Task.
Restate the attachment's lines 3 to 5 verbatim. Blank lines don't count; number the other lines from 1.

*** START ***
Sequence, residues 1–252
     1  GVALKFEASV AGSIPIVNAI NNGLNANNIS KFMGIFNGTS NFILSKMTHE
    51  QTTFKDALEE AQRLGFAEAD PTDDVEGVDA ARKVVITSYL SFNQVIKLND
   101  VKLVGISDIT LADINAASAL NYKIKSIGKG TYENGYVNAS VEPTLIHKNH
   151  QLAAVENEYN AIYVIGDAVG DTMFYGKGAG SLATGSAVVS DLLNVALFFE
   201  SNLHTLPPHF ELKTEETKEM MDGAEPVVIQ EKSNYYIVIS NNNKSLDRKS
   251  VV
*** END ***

    51  QTTFKDALEE AQRLGFAEAD PTDDVEGVDA ARKVVITSYL SFNQVIKLND
   101  VKLVGISDIT LADINAASAL NYKIKSIGKG TYENGYVNAS VEPTLIHKNH
   151  QLAAVENEYN AIYVIGDAVG DTMFYGKGAG SLATGSAVVS DLLNVALFFE